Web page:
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Moriarty, Hannibal, and Despicable Me: How We End Up Rooting for the Bad Guy
Sometimes the timing just works out.
This past week has seen both the season finale of Hannibal and the bow of Image Comics’ deluxe edition of Moriarty, which collects all of writer Daniel Corey’s impressive work to date on the Sherlock Holmes nemesis. Next week holiday audiences will be treated to Despicable Me 2, the sequel to a popular 2010 movie that taught us that nefarious villains perhaps need only act as father surrogates to cute orphans to undergo a moral makeover.
The phenomenon of a reformed “bad guy” is of course nothing new. Another 2010 release, Megamind, argued that what a villain needs more than anything else is a challenge, with morality a secondary consideration. Corey’s take on Professor James Moriarty also uses this thematic maneuver: taking place two decades after Holmes’ death at the Reichenbach Falls, Moriarty posits the Napoleon of Crime as never fully recovering from the loss of his adversary. As a result, he has given up his underworld empire and instead works as a pseudo-Holmesian figure himself, a freelance consultant to various sinister schemers on the eve of the Great War.
Such a quick description of the Moriarty comics series hardly does justice to Corey’s complex narrative and highly literate script (not to mention Anthony Diecidue’s fiercely evocative art, which depicts the title character as a kind of cross between Wolverine and a beardless Abraham Lincoln). However, from the premise alone one can get a sense of some fairly common pop culture strategies involved whenever bad guys become celebrated figures.
First, there’s the intellectual “game” of being a masterful criminal, and this holds an appeal beyond, apparently, the mere doing of nasty things to people. Second, there’s a kind of psychological symbiosis between the ostensible hero and the now-central villain: the two are shown are necessary complements, so close in some ways that they are not two coins of the same coin but both featured on both sides of that coin. This theme is present, and effective, throughout Moriarty, and in an especially memorable dream sequence Corey makes it explicit as Moriarty is shown with Watson and Mrs. Hudson at the famous Baker Street digs.* (All of this said, Moriarty doesn’t just recast everything in the Holmes canon in a simple-minded pastiche but fashions its own deliciously pulpy globe-hopping saga.) Finally, while Moriarty is hardly shown to be a saint, his chief misdeeds clearly occurred in the past—that is, brutal and amoral acts are not constantly thrust in the audience’s face at the same time we’re being asked to temper our view of the character with a bit of admiration, if not sympathy.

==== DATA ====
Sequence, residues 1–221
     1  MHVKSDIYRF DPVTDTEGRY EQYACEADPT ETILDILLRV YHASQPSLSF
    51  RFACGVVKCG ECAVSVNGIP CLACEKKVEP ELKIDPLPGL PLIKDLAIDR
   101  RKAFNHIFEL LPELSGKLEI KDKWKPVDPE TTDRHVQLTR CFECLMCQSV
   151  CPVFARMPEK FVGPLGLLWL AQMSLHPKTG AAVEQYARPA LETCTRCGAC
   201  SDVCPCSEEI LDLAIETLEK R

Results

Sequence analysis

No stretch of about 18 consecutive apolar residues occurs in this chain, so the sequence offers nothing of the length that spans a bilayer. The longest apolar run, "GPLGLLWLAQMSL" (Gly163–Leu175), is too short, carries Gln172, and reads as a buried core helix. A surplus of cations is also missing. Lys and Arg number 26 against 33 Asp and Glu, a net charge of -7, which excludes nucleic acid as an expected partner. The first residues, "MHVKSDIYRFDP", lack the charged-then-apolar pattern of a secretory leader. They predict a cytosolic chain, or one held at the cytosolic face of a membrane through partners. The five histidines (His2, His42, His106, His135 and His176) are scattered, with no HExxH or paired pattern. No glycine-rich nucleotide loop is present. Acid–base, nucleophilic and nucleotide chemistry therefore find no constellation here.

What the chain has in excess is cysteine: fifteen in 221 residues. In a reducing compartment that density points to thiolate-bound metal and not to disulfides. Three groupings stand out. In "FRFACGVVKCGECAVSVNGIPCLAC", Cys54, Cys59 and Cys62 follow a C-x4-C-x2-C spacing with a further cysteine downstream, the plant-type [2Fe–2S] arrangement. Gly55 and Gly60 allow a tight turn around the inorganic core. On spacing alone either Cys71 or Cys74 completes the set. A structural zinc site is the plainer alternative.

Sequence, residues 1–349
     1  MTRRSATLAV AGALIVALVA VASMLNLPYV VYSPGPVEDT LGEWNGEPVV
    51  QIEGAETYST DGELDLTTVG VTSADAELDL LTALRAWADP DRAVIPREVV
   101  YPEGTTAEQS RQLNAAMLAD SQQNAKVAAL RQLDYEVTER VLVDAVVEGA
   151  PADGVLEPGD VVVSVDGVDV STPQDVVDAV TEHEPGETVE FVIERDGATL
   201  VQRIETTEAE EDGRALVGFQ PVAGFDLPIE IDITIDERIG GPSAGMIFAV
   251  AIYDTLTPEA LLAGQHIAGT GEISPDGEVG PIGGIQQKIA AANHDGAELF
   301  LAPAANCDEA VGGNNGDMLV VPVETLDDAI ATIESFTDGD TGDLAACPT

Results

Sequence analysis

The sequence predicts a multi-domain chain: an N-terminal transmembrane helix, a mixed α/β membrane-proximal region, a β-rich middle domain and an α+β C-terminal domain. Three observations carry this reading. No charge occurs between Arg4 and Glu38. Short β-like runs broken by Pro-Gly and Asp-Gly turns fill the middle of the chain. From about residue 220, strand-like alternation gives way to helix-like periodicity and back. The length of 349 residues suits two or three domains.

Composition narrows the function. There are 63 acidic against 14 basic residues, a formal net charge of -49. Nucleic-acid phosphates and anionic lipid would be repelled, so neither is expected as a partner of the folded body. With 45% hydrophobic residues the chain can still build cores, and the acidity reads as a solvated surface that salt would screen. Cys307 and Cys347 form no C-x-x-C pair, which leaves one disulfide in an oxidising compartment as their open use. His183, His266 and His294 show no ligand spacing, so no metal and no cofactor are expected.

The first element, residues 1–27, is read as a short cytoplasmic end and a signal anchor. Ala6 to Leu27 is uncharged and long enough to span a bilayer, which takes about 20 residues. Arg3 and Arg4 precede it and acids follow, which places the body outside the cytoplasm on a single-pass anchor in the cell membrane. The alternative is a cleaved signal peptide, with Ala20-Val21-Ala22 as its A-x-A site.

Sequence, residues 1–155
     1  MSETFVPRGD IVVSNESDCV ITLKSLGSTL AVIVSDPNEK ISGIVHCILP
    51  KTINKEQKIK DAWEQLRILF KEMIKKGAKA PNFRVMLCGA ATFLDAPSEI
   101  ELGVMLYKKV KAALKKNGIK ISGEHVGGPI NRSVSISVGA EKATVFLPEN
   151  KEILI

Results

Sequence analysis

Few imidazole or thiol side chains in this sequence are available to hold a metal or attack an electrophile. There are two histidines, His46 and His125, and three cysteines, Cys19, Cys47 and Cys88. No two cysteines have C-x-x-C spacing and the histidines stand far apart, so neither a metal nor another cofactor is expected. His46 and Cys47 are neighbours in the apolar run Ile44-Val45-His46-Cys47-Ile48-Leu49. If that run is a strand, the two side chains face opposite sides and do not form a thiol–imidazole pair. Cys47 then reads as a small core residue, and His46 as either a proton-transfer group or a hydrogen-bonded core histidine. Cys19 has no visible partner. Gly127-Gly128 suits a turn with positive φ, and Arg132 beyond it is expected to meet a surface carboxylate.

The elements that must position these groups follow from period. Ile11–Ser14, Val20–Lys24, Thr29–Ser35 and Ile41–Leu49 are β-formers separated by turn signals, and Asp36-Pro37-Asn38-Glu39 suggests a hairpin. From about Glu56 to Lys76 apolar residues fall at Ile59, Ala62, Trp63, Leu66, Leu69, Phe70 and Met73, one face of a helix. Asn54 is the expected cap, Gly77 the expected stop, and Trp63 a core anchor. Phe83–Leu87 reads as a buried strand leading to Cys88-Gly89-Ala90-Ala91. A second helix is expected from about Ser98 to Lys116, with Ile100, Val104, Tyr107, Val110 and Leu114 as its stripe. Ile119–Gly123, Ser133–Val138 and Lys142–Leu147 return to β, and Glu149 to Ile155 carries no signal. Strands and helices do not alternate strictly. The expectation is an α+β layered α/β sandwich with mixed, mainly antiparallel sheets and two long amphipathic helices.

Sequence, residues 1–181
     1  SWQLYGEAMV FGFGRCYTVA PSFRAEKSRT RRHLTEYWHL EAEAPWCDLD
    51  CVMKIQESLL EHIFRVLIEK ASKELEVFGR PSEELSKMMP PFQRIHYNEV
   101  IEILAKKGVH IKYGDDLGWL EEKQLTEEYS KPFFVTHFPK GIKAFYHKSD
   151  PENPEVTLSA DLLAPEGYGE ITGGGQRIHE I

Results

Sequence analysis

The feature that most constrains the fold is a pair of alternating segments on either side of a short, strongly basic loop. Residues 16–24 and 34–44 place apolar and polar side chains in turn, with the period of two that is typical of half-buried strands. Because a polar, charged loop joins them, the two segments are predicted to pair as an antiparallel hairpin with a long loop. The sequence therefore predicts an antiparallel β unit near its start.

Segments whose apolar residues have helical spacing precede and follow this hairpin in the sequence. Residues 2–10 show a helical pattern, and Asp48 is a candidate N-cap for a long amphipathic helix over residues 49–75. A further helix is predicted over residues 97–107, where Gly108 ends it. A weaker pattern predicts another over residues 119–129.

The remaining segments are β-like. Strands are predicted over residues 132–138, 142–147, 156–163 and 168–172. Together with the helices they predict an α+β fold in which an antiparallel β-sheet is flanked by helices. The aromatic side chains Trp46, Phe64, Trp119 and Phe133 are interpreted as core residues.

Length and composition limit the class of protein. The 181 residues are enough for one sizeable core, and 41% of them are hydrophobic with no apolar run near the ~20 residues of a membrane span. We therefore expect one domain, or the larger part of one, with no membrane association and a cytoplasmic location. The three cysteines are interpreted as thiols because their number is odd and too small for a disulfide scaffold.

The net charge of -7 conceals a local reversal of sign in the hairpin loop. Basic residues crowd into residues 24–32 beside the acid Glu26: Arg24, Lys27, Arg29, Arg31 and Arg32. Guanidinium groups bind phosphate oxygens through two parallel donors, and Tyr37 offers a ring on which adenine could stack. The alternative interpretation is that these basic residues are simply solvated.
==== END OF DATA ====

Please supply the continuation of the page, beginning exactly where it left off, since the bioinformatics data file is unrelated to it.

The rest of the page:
Now, forgive me if I’m missing something here, but aren’t all of these strategies also employed by Hannibal? Certainly the gruesome murders that Dr. Lecter commits are not framed as past deeds, but they are carefully and consistently presented off-screen. The exceptions are when the title character runs up against another killer and acts in self-defense. But as far as “innocent” victims are concerned, the show always cuts to a commercial or rolls the credits just before we have a chance to be eyewitness to his bloody acts. Not so with good guy Will Graham, whom we repeatedly see committing on-screen murders in the form of the mindscreen segments that show him assuming the role of the actual killer in order to understand chronology and motivation. Already, then, the psychological proximity of “good” and “bad” is suggested, and this is compounded by the role reversal that ultimately sees Will blamed for Hannibal’s crimes, not to mention that the two are frequently characterized as “friends.” The fact that Hannibal always seem to be having fun with the high stakes cat-and-mouse games, not just into sadism and mayhem for their own sake, is just icing on the cake: he’s doing some very, very, bad things, we tell ourselves, but he’s also strangely admirable… otherwise, why name the series after him?
So how does Despicable Me 2 fit into this picture? I’m not sure yet, but that’s one of the filters through which I’ll be viewing it when I bring my kids next week. And you might want to coach any older siblings who are dragged to theaters to use the opportunity to conduct the same kind of critical—and self-critical—inquiry: how do pop culture texts encourage me to root for the bad guy? And is there anything wrong with that? In short, it’s fine to continue to teach the protagonist-antagonist structural duality of literature, and to examine the very real differences in values that heroes and villains embody… but it also might be a good idea to introduce some introspection and the notion of deeper levels of affinity between supposed opposites. It’s okay to find the villain appealing in certain respects—in fact, much of pop culture depends on our doing just that.
*as a bonus, the hardcover collection contains the script pages for this scene; and you may already know how I feel about using scripts as teaching tools.
About Peter Gutierrez
A former middle school teacher, Peter Gutierrez has spent the past 20 years developing curriculum as well as working in, and writing about, various branches of pop culture. You can sample way too many of his thoughts about media and media literacy via Twitter: @Peter_Gutierrez
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